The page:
Treatments and drugs

By Mayo Clinic Staff

Treatment of the symptoms and complications that occur with Noonan syndrome depends on their type and severity. Many of the health and physical issues associated with this syndrome are treated just the way they are in the general population.

The treatment approach that your doctor may recommend to address various aspects of Noonan syndrome may include:

  • Heart treatment. Certain drugs may be effective in treating some kinds of heart problems. If there's a problem with your heart's valves, surgery may be necessary. Your doctor also may recommend that your heart function be evaluated periodically.
  • Treating low growth rate. Many children with Noonan syndrome don't grow at a normal rate. Your child's height should be measured three times a year until he or she is 3 years old, and then once every year until adulthood to make sure he or she is growing.

    Noonan syndrome often causes eating difficulties, and your child may not be getting adequate nutrition.

    Your doctor will likely be checking your child's blood chemistry, thyroid function, bone growth and hormone levels. If your child's growth hormone levels are insufficient, growth hormone therapy may be a treatment option.

  • Addressing learning disabilities. A wide range of mental and behavioral issues can occur with this condition. Fortunately, there are many successful ways of coping with what are usually mild symptoms.

    If you discover early that your child has developmental delays, ask your doctor about infant stimulation programs. Physical and speech therapies may be helpful for addressing a variety of possible symptoms. In some cases special education or individualized teaching strategies may be appropriate.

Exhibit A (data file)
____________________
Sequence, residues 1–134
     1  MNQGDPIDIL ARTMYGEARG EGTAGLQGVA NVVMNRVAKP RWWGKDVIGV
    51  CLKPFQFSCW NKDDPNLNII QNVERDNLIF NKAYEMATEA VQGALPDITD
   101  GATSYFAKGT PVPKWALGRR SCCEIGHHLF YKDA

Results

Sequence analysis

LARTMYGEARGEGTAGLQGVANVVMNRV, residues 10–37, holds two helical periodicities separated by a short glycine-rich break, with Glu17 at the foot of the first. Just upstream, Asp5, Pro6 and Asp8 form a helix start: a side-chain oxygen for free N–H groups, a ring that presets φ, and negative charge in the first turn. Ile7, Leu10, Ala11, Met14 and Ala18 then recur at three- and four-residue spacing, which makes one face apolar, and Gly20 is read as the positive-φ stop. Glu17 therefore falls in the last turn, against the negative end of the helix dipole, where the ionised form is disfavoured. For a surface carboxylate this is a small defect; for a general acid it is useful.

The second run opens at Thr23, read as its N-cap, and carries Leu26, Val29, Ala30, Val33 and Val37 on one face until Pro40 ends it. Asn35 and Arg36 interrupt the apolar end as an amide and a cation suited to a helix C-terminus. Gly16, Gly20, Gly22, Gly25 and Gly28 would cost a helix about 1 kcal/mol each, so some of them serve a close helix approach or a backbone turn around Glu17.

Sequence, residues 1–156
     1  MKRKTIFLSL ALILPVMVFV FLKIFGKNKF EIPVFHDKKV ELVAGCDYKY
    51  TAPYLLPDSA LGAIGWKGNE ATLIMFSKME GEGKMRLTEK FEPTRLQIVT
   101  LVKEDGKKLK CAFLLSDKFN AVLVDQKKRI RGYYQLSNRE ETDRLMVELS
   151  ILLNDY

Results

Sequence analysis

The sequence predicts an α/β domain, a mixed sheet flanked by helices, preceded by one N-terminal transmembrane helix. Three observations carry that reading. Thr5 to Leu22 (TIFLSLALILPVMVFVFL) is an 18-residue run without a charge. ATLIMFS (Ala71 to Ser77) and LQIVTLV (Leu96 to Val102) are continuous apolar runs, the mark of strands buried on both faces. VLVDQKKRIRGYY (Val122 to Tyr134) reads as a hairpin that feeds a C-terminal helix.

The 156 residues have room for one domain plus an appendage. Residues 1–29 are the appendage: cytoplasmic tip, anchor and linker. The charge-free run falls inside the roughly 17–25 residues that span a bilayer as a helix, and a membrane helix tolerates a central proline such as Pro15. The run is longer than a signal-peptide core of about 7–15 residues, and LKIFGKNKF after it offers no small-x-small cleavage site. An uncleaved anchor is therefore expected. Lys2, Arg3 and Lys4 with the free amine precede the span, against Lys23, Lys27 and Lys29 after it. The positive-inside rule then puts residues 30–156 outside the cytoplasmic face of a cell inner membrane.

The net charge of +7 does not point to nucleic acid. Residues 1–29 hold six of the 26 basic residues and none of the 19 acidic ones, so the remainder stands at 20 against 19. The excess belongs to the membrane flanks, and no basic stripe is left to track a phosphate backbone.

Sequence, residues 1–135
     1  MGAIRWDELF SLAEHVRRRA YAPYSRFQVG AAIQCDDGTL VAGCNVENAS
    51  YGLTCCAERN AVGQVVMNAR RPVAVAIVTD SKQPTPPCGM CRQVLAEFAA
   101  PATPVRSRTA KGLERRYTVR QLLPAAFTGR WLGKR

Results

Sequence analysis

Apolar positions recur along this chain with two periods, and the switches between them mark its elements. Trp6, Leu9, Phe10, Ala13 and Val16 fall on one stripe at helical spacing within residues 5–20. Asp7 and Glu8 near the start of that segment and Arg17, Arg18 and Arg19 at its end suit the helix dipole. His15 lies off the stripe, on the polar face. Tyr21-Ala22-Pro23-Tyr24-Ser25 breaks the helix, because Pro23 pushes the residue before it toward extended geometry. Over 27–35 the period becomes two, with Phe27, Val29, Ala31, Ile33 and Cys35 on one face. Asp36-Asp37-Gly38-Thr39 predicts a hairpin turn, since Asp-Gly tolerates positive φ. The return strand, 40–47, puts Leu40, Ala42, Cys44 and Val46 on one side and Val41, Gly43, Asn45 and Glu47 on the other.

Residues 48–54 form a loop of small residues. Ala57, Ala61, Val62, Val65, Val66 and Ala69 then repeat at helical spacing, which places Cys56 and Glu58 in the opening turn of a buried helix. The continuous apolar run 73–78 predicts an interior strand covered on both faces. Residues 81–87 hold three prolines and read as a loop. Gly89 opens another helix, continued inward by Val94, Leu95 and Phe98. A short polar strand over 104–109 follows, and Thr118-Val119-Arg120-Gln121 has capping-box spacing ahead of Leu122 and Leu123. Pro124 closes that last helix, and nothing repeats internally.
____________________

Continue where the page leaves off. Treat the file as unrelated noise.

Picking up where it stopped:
• Vision treatments. Because vision problems are common with Noonan syndrome, your child will need eye exams at least every two years. Most eye issues can be treated with glasses alone. Surgery may be needed for some conditions, such as cataracts.
  • Treatment for bleeding and bruising. If you or your child has a history of easy bruising or excessive bleeding, avoid aspirin and aspirin-containing products. In some cases, doctors may prescribe drugs that help the blood to clot.
  • Treatment for lymphatic problems. Although lymphatic problems are a less common symptom, the many ways in which they can occur can make finding the problem and then treating it a challenge. Complications usually involve excess fluid that gets stored in various places in your body.

    Sometimes fluid can collect in the space around your heart and lungs. If this happens, your doctor may want to insert a tube into your chest to drain the fluid. To prevent this problem, your doctor may suggest you modify your diet. Sometimes surgery is necessary if swelling around the heart and lungs persists.

  • Treatment of genital and urinary tract problems. If your son has undescended testicles at birth, your doctor will likely refer you to an experienced surgeon to consider whether surgery is appropriate. It's best for your child to receive such treatment before he enters school.

    Another common problem in males with Noonan syndrome is that their testicles don't function properly, in which case testosterone replacement may be an option.

    If a urinary tract infection occurs, treatment includes antibiotics.

Aug. 03, 2013